Equally despised for its celebration of the Nazis and praised for its technical artistry, Leni Riefenstahl’s 1935 Triumph of the Will, a unique propaganda film, sits at the top of a controversial pile, indirectly questioning the very nature of artistic freedom and bias in art.
Any reasonably educated person is well aware of the brutality of the Nazis and the unspeakable acts of barbarism perpetrated by the regime. The explosive cocktail of nationalism, racism and self-victimisation, instigated by Adolf Hitler, led to the destruction of Germany and the loss of tens of millions of lives across Europe. It is unnecessary to warn anyone of the evils associated with the National Socialist Party. However, Leni Riefenstahl’s astonishing documentary-cum-propaganda Triumph of the Will [Triumph des Willens] cannot be blamed for the atrocities derived from the ideology.
In September 1934, Adolf Hitler flies to Nuremberg. Riding on an open car from the airport to the hotel, he is saluted by an enthusiastic crowd on the streets. Images of Nuremberg at dawn are shown, with plenty of swastika flags hanging from its buildings . The Führer attends the Reich Party Congress, where several high-ranking Nazi officials give brief speeches. There are party rallies, military reviews, parades and finally the closing of the congress, where Hitler gives a speech about the superiority of the master race. Over a decade will pass before the world becomes aware of the events which give meaning to the quote by Hermann Göring: ‘We will go down in history either as the world’s greatest statesmen or its worst villains.’
It is then ironic that, although history is written by the victors, this magnificent account of the losers endures. As Riefenstahl was commissioned by the Nazi regime to record the 1934 rally at Nuremberg as a document for the ages, she ended up creating a piece of cinema that after 70 years is still considered to be one of the most accomplished documentaries of all time. For the opposite reason of its creator’s intention, the film has become indeed eternal. Unintentionally, Triumph of the Will aims straight at the core problematic of artistic merit, hitting also at questions of objectivity and impartiality.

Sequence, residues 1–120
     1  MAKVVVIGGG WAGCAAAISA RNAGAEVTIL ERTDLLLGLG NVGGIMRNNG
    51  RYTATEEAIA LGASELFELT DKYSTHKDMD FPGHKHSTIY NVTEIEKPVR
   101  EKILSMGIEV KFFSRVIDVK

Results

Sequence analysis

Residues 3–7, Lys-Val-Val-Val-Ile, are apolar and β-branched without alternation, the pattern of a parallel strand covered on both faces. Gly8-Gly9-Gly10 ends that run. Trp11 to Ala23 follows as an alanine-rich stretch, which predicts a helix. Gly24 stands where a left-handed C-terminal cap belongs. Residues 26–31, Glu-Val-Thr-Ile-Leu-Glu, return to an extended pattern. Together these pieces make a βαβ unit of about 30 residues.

Since the end of World War II, we have accumulated an extensive body of knowledge on the reasons for the rise to power of the National Socialist Party, the life of Adolf Hitler and half a dozen of influential party members, the nature and functioning of the Nazi regime, etc. Questions of blame, responsibility and accountability have been discussed endlessly. In the last few decades, even the Allies have been taken to the court of history – the bombing of Dresden, anyone? In other words, we know a lot about that period in time. Hindsight is a wonderful thing.
Thus, it is fair to ask how much of a film’s artistic merit depends on its political or ethical viewpoint? Is the moral positioning of the filmmaker relevant to the evaluation of the work he or she has created? Is it objectively sound to view a work of art differently as the ethics of its society shifts? Surely one ought to recognise Riefenstahl’s technical artistry independently of Triumph of the Will‘s core message. Moreover, her sympathy for the Nazi cause is totally irrelevant for the evaluation of her films. An artist’s personal life should not be confused with the work of art. Do we dismiss the masterpieces of Wagner, Picasso and Polanski because of their personal lives? I don’t think so.
Disengaging the political from the aesthetic forces us to accept propaganda (allegedly good or bad) as acceptable art. Sometimes a film is made with propagandist intentions, like Casablanca, and it becomes a masterpiece. Sometimes a film depicts important world events in such a grandiose and epic scale, like Eisenstein’s Oktyabr, that its greatness is likened to its sheer ambition. And sometimes, a film shows fragments of historical events, that in retrospect, assume different meanings. When that happens we must recognise the film’s significance: it makes us question the way we look at the world, at art, at history, and especially the way we look at ourselves.
There’s a strange metaphorical significance in Hitler’s personal way of giving the Nazi salute compared to the way the crowd in the film does. It is a little gesture, probably irrelevant in the grand scheme of things, but nonetheless noticeable enough to give food for thought. His arm arched backwards contrasting to the way most people raised their right arm straight in front of them. It is like most Germans felt that he represented their bright and prosperous future; all but him looking ahead. Their leader instead, knew that they were heading to catastrophe; they were going backwards.
Neither highly effective as propaganda nor a masterpiece of subtle images, Triumph of the Will is nevertheless an important and compelling portrait of a nation in thrall of a maniac. Hitler and the Nazi regime are long gone and yet their capacity to stir controversy remains. Their true evil legacy might be the continuation of a mind-set, which blindly censures the enemy’s political message, even when this enemy is dead for more than 70 years.